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Assigning NTFS Permissions

NTFS permissions can be assigned to shares via the Share and Storage Management snap-in. When assigning NTFS permissions to a file, you need to use the Computer folder to access the file’s Properties dialog box. Let’s look at assigning NTFS folder permissions and then setting NTFS file permissions.

By the Way

Volumes can also be assigned NTFS permissions. This means that volume’s NTFS permissions can be propagated to the folders and the files on that volume (there is an advanced setting to set the inheritance for the permissions).

Assigning and Viewing NTFS Folder Permissions

You can assign NTFS permissions to folders on NTFS volumes. Files in the folder inherit their NTFS permissions from the folder. Because folders are synonymous (in most cases) with shares on the network (there would be little reason to add permissions to a folder that was not shared), the best tool for quickly accessing a folder’s NTFS permissions (meaning a share’s permissions) is the Share and Storage Management snap-in. To view and edit the NTFS permissions for a folder share, follow these steps:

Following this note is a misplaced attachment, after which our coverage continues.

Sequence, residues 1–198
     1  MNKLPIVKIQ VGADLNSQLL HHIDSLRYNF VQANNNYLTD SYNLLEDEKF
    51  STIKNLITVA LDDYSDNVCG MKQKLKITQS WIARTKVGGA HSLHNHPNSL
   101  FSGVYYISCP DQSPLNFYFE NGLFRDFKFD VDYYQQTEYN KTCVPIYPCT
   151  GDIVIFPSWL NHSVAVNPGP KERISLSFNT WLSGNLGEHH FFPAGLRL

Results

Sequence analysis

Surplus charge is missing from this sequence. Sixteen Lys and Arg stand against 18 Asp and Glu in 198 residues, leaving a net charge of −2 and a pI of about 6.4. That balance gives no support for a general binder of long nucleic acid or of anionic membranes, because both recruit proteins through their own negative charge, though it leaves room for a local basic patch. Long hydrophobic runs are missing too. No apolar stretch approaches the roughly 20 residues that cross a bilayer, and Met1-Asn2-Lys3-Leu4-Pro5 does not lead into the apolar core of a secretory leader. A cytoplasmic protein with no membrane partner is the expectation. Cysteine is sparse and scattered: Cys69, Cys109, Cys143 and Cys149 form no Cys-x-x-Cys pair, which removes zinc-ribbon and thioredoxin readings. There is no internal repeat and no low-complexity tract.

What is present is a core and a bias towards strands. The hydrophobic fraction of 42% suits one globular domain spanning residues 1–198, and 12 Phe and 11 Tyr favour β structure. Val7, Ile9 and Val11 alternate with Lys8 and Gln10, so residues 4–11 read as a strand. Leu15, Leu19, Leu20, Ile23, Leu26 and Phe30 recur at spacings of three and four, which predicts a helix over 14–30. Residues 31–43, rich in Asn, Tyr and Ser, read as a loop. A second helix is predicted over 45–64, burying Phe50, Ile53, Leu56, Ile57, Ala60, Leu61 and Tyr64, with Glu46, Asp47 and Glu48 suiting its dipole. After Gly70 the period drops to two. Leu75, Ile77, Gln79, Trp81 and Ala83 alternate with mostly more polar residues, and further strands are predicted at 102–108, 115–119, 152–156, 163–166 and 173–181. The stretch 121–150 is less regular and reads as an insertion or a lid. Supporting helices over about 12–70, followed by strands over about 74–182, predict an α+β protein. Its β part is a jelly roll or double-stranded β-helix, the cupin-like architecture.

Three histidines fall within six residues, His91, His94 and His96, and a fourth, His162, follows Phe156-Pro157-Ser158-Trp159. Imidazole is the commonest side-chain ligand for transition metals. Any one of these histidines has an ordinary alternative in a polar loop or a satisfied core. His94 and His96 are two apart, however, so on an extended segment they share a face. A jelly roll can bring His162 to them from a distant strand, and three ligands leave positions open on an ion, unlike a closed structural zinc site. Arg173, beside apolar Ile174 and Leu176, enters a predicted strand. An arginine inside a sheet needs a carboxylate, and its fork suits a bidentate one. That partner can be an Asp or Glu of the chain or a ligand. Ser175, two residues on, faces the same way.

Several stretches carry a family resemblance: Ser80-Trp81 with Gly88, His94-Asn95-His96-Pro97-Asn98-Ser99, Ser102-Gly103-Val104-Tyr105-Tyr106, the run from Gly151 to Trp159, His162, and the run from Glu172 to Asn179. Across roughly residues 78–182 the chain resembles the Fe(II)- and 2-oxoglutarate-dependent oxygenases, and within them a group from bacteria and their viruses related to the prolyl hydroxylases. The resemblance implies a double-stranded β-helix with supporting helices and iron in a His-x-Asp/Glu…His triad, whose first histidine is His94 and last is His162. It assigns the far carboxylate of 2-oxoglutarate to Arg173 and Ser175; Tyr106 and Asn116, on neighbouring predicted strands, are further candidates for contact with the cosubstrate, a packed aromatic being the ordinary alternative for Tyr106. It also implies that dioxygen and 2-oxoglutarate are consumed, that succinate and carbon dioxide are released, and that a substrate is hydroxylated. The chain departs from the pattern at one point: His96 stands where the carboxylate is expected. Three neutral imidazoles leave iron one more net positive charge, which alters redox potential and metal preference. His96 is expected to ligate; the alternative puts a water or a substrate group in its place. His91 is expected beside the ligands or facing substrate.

1. Open the Share and Storage Management snap-in in the MMC (Start, Administrative Tools, Share and Storage Management) or expand the File Services node in the Server Manager to access the Share and Storage Management node. Shares (folders and volumes shared) are listed in the Details pane of the snap-in (see Figure 13.6).

Figure 13.6. Share NTFS permissions can be accessed in the Share and Storage Management snap-in.

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2. Right-click a share in the Details pane and then select Properties. The Properties dialog box for the share opens.

3. Click the Permissions tab on the Properties dialog box and then click the NTFS Permissions button. The Permissions dialog box opens, showing the NTFS permissions for the share (see Figure 13.7).

Figure 13.7. NTFS permissions are assigned in the share’s Permissions dialog box.

3. To add a group or user (or groups and users) to the Group or Usernames list, click the Add button. The Select Users, Computers, or Groups dialog box opens (see Figure 13.8).

Figure 13.8. Add users or groups to the Permissions dialog box, using the Select Users, Computers, or Groups dialog box.

4. Use the Location box to specify the local computer or domain that you want to access for the group or user to be added to the list.